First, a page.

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This article is written by a student writer from the Her Campus at Murray State chapter.

Winter is right around the corner and with that comes cold weather and early sunsets. This time of year many people experience feelings of sadness and are unsure as to why. These feelings could potentially be caused by seasonal affective disorder.

Seasonal Affective Disorder (SAD) is a type of depression that comes and goes with the seasons, typically starting in the late fall and early winter and going away during the spring and summer. Depressive episodes linked to the summer can occur but are much less common than winter episodes of SAD. If you are experiencing SAD know you are not alone.

“Six percent of the US population, primarily in northern climates, is affected by SAD in its most marked form. Another 14 percent of the adult US population suffers from a lesser form of seasonal mood changes, known as winter blues. Of course, seasonality affects people all over the world. The prevalence of SAD in Oslo, Norway, was reported as 14 percent in contrast to 4.7 percent in New York City. In fact, someone may have winter blues while living in southern climates and convert to full-blown SAD if he or she moves to a northern climate.” – Norman E. Rosenthal, MD, a retiree from the National Institutes of Mental Health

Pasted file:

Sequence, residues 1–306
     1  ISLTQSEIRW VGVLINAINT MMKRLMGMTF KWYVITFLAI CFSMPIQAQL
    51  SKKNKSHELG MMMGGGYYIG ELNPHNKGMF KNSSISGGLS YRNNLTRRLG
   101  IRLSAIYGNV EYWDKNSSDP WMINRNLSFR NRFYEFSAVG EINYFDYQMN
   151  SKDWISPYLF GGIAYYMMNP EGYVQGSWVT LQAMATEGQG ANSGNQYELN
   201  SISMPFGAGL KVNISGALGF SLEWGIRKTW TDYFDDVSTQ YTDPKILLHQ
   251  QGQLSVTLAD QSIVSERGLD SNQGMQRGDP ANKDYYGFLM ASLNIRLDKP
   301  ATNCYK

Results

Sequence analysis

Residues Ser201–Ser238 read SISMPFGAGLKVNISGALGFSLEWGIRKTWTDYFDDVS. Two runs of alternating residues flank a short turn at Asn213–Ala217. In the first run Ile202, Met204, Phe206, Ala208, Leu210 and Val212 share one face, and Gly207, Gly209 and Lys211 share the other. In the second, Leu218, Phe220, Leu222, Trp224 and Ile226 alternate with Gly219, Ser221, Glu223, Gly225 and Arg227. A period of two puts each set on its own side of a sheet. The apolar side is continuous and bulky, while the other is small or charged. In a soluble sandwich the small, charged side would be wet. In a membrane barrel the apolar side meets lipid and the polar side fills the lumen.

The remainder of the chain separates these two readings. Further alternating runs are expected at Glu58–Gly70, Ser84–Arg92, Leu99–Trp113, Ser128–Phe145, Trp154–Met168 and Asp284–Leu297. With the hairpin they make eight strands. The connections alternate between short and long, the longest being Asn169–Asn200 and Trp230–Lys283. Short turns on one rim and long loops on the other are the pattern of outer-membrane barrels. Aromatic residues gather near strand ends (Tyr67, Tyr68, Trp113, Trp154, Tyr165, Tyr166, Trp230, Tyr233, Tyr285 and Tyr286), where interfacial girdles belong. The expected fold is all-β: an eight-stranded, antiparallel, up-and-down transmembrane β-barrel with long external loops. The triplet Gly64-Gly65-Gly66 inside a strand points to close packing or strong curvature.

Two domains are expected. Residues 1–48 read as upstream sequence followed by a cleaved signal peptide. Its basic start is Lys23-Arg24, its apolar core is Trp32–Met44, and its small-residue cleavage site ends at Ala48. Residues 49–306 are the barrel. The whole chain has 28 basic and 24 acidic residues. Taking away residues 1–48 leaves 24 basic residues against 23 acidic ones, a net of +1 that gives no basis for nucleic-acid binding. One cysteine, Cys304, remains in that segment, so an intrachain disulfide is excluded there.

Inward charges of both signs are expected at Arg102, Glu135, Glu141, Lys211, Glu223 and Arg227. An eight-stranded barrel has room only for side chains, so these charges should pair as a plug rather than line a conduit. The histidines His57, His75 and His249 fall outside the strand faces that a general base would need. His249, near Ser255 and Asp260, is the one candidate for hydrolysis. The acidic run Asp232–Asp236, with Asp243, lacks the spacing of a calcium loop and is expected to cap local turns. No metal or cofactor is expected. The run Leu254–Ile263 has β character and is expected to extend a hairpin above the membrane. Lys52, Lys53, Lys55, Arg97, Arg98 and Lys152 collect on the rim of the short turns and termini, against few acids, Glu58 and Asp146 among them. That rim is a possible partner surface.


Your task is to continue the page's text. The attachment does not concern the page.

The National Institute of Mental Health states the symptoms of SAD can include the following.

Symptoms of the Winter Pattern of SAD include:

  • Having low energy
  • Hypersomnia
  • Overeating
  • Weight gain
  • Craving for carbohydrates
  • Social withdrawal (feel like “hibernating”)

Symptoms of the less frequently occurring summer seasonal affective disorder include:

  • Poor appetite with associated weight loss
  • Insomnia
  • Agitation
  • Restlessness
  • Anxiety
  • Episodes of violent behavior

Though these symptoms are common, everyone experiences them differently. It is okay to not be okay. There are ways to help you get through this season of your life. 

There is no set way to treat SAD. Talking to a doctor to learn about different options for you may be ideal if any symptoms are prolonged. Potential treatments may include short-term medication or counseling. Surrounding yourself with support, people who will uplift you and get you moving can help lessen some symptoms of SAD.

SAD is not an easy thing to deal with. Some days it can feel impossible to get out of bed, but remember you will get through this. Don’t be afraid to reach out for help or talk through what is going on. These feelings will end and you will begin to feel like yourself again. 




National Suicide Prevention Lifeline: 1-800-273-TALK (8255); www.suicidepreventionlifeline.org

Suicide Prevention, Awareness, and Support: www.suicide.org

Crisis Text Line: Text REASON to 741741 (free, confidential and 24/7)

Sarah Burden

Murray State '20

Sarah Burden is a senior at Murray State University. She is a PR major and minoring in Journalism. She is a member of Alpha Sigma Alpha and loves her ladybugs. In her free time she enjoys experimenting with makeup, drinking coffee, posting on social media and spending time with her bird. You can find her on Instagram and Twitter @sarahburden__